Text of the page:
It feels like he should be an old man by now. After all, Lou Williams, named the 2014-15 NBA Sixth Man of the Year yesterday, has been lacing up his sneakers at the highest professional level for a decade now.
That makes it easy to forget that the man they call Lou Will is in the prime years of his career. At 28 years old, he’s got plenty left in the tank, but coming straight out of South Gwinnett High School in Snellville, Georgia, he’s experienced the ups and downs of NBA life.
You see, Lou Williams entered the league as a second-round draft pick of the Philadelphia 76ers. This was during the post-Larry Brown era for the Sixers, a time when a team that went to the NBA Finals just a few years before began to see a steady decline.
Williams himself idolized and learned from former MVP Allen Iverson, and it showed in his game. Never a high-percentage shooter from the field, Lou Will liked to put up shots. The problem was as a young, thin guard, playing behind an icon, Williams barely saw the floor. For a fresh out of high school kid, this is nothing rare, but with Kobe, T-Mac and KG in their primes, it seemed as though Williams may not be anything more than an afterthought, another kid who skipped college to his own peril.
Then a funny thing happened. Williams’ idol and mentor got traded away … and suddenly Lou Will became the spark plug that Iverson’s presence never allowed him to be. In year three, he averaged 11.5 points a game as Philadelphia’s instant offense off the bench … and he’s never averaged under double digits since.
Along the way, for better or worse, Williams became the heart and soul of the Philadelphia 76ers. Certainly Andre Iguodala was the better player and a slew of draft picks and fan favorites overshadowed Lou on his own team. But it was Williams whom the Sixers entrusted with the final shot, Lou Will who often ignited crowd, even Lou Will who drove fans crazy with poor shot selections but won them back with his energy.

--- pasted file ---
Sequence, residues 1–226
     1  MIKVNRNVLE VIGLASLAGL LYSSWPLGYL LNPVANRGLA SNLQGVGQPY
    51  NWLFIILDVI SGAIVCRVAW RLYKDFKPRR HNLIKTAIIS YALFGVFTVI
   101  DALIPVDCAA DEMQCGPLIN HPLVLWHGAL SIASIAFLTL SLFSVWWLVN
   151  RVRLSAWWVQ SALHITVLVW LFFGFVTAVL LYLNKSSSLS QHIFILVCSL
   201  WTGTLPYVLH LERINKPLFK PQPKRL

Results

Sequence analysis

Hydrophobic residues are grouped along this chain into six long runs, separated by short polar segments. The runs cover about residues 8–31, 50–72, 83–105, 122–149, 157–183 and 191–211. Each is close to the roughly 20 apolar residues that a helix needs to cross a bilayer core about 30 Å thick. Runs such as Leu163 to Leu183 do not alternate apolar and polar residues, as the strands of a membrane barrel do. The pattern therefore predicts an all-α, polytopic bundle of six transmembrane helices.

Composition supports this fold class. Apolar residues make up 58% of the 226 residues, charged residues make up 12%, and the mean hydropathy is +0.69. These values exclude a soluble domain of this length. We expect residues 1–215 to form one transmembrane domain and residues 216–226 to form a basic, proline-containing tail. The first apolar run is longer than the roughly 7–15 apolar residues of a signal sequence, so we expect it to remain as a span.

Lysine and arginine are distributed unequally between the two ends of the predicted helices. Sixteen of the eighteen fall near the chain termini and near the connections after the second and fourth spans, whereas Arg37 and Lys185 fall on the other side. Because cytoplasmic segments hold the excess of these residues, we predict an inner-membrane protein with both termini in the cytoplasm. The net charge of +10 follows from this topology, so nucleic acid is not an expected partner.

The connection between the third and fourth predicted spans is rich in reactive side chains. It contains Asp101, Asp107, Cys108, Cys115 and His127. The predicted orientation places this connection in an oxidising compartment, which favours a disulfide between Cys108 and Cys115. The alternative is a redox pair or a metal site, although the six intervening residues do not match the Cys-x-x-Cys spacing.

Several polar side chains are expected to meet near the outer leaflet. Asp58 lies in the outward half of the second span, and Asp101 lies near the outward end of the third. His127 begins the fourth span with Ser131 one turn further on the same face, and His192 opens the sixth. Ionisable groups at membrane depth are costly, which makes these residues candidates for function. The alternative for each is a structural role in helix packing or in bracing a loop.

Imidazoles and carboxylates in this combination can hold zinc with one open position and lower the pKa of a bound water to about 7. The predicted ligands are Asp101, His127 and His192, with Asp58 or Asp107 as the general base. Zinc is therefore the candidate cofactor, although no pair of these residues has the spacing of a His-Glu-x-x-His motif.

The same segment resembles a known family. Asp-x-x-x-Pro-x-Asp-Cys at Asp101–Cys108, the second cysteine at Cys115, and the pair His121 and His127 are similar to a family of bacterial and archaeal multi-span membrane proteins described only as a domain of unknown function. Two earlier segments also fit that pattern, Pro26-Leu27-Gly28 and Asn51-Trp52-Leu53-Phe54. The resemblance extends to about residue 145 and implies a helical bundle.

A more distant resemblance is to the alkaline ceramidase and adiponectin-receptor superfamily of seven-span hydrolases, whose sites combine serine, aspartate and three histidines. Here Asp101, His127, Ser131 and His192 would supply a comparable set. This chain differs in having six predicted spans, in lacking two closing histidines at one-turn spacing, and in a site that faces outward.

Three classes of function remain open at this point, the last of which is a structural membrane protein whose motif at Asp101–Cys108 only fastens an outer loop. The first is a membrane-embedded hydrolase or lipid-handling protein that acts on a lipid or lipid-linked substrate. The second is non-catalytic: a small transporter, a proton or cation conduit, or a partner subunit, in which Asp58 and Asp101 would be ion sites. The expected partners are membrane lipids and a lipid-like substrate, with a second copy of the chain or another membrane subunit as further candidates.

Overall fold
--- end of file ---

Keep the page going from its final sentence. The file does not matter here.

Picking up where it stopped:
Soon enough, he became Philadelphia’s most consistent offensive threat, even as the first man off the bench.
All the while, Williams’ confidence grew and grew and grew. For all the bad shots and shoddy defense, there were moments like this:
Whether it was Dwyane Wade, LeBron James or even Iverson himself, Williams never showed any fear. He’s still not showing any fear today, and it’s why he’s been one of the best bench scorers in the NBA for years.
Now in his third season away from Philadelphia and first in Toronto — with two productive seasons for his hometown Atlanta Hawks in between — Lou is finally getting his due. Sure, his shot selection is still suspect at times, and no, he’s not the most efficient shooter in the world. But Lou Williams is a true professional, the type of sixth man who can come out and literally carry an offense when called upon. He’s not bashful, but he’s also not ego-driven. His teammates seem to love him, and he loves them right back.
More importantly, Lou Williams does his job every night. Without him, the Toronto Raptors would not be as complete as they are. He allows Kyle Lowry and DeMar DeRozan to take a breather and lessens their load. And he gives the Raptors a battle-tested underdog who does not shy away from big moments.
Lou Williams isn’t an all-star. He’s not one of the best guards in the league. Hell, he’s not even starter. And that’s OK. Because Lou Williams is a professional assassin, and he also happens to be the NBA’s Sixth Man of the Year. That’s nothing to sneeze at, and certainly something a second-round pick straight out of high school can hang his hat on.
Oh, he also isn’t too bad of a rapper by NBA standards either.